Uterine artery pseudoaneurysm (UAP) is a potentially life-threatening complication that can occur after a uterine surgery, dilatation and curettage, traumatic delivery (such as forceps or vacuum delivery) or after other causes of vascular trauma, the most common being a caesarean section (C/S) [1-4]. Some UAP can appear many years after a uterine surgery [2,5] or even after a nontraumatic delivery/abortion or manual removal of the placenta [3,4].
The UAP is not as rare as previously considered. On 50 cases in a single institute experience, the incidence of UAP was estimated as 3-6/1000 deliveries [7,8].
UAP is a collection of blood in the myometrium, fully covered by the adventitia or the surrounding tissues, with turbulent flow that is fed by arterial blood flow through a defect in the wall of uterine artery. Hormonal and haemodynamic changes are the triggers of this complication in pregnancy or postpartum . The differential diagnosis is mainly with acquired and congenital arterio-venous malformations (AVM). If the diagnosis is delayed it can result in a sudden life-threatening haemorrhage, even many weeks after the caesarean section.
The diagnosis can be challenging, as the most common cause of the secondary postpartum haemorrhage (PPH) is the postpartum endometritis with or without retained products of conception (RPOC). In the setting of an emergency the patient would usually be treated with antibiotics and even an evacuation of suspected RPOC which could be devastating, ending with a fulminant intractable haemorrhage resulting in an emergency hysterectomy or even death.
The gold standard for diagnosis is the computed tomography (CT) angiography, but the Colour Doppler ultrasound  and the magnetic resonance imaging (MRI) could be used as well. The main disadvantage of the CT angiography is the exposure to radiation and the possible reaction to the medium contrast.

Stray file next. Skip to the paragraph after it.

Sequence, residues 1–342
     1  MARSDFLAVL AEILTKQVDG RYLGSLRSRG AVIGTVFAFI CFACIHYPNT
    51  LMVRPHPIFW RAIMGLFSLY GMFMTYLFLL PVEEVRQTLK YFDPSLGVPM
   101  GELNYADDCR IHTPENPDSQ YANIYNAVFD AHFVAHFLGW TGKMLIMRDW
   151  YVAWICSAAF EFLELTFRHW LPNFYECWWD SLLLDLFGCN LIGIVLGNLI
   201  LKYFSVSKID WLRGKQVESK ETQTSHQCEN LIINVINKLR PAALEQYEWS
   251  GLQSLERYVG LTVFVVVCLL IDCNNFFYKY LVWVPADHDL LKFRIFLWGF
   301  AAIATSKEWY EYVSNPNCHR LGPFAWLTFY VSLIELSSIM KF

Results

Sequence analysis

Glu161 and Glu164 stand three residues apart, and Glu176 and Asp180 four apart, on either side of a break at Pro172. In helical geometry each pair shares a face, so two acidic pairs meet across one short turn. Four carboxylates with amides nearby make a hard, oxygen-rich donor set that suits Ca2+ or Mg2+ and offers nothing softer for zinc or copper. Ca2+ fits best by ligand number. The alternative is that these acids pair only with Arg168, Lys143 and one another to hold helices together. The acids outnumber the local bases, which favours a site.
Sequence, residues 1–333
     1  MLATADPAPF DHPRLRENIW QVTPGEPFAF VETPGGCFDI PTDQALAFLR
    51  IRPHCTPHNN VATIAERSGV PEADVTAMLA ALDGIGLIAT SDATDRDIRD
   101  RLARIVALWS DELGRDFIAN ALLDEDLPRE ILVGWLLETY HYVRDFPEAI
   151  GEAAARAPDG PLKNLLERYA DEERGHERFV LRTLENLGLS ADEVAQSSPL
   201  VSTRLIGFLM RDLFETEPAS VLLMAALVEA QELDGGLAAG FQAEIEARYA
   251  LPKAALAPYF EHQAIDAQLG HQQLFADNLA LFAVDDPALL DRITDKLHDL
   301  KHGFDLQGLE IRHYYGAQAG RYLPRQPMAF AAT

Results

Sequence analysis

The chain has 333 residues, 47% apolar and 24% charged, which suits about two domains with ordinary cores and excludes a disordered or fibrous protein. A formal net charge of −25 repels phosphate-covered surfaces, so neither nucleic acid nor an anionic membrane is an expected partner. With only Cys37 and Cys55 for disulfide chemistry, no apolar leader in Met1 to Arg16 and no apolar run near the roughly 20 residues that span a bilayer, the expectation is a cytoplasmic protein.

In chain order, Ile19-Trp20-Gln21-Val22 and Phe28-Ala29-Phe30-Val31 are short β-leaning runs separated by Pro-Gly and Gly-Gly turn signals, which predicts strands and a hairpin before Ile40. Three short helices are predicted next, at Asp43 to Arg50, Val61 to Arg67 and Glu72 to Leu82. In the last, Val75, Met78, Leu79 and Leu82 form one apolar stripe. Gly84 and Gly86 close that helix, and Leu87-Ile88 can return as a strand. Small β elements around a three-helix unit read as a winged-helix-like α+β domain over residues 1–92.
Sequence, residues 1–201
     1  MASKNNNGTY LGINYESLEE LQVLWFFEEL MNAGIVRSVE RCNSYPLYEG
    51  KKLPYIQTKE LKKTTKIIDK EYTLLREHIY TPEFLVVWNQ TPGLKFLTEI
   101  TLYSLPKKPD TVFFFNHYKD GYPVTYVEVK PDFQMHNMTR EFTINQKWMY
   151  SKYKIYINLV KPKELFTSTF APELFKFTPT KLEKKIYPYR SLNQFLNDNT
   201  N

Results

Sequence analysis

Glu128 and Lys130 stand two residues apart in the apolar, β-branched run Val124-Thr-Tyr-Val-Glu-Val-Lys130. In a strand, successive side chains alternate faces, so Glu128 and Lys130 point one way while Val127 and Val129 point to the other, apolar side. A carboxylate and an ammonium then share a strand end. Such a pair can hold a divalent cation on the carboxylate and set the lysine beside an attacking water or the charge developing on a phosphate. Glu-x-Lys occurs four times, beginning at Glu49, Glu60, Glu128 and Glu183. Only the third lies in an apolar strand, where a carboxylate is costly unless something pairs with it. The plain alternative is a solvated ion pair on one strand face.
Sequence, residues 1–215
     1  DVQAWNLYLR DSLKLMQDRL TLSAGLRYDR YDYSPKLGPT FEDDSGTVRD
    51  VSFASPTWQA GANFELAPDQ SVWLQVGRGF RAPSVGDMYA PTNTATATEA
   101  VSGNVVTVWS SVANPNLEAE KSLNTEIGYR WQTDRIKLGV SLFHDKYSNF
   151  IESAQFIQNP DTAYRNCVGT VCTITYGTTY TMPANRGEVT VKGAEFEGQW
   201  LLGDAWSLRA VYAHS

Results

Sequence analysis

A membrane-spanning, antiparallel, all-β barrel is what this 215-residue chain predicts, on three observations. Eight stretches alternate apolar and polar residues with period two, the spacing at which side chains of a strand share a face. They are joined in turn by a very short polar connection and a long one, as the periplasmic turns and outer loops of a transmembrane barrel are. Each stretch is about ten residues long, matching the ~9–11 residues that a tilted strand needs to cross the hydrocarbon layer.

The treatment of choice is the uterine artery embolization, but there are reported cases of laparoscopic and hysteroscopic treatment as well [2,5]. In the era when the trans arterial embolization was not as widely used as at present, the only available treatment was the hysterectomy.
We present a case of a 25year-old para1 woman diagnosed with UAP. She has had three episodes of PPH. First one was a primary PPH due to atony approximately 1h after an emergency caesarean section for failure of progress and non-reassuring cardiotocography (CTG). It was a prolonged labour complicated by hyperstimulation treated with two doses of terbutaline during the labour. The total blood loss was 3l.
The haemorrhage was successfully treated with uterotonics (syntocinon, ergometrine, misoprostol, haemobate) and a Rusch balloon was inserted prophylactically for 24h. She was transfused with 1 unit of packed red cell. The patient recovered quickly and was discharged on day 3 postpartum with minimal bleeding and Hb 92.
Three weeks postpartum she was brought by ambulance with a heavy haemorrhage and was readmitted to the hospital for suspicion of retained products of conception (RPOC) and endometritis. She was treated with uterotonics, intravenous (IV) fluids and antibiotics. On the transvaginal ultrasound scan (TVUSS) the cavity was full of clots which were interpreted as RPOC and the plan was for surgical evacuation. The procedure was postponed to the next morning, as the bleeding settled after couple of hours. In the meantime, the plan was to continue the IV antibiotics.
The next morning, the TAUSS was repeated and the uterus was found empty. The bleeding was minimal, so the surgical procedure was cancelled and the patient was discharged on antibiotics and iron. Hb was 90.
Six weeks postpartum she had another fulminant haemorrhage and she was brought to the hospital by ambulance with the BP of 80/46mmHg. She was successfully treated with IV fluids and uterotonics. She had a transabdominal ultrasound scan (TAUSS) at the emergency department which failed to find any cause. The cavity was full of clots again, but no obvious cause of bleeding was detected. The bleeding settled.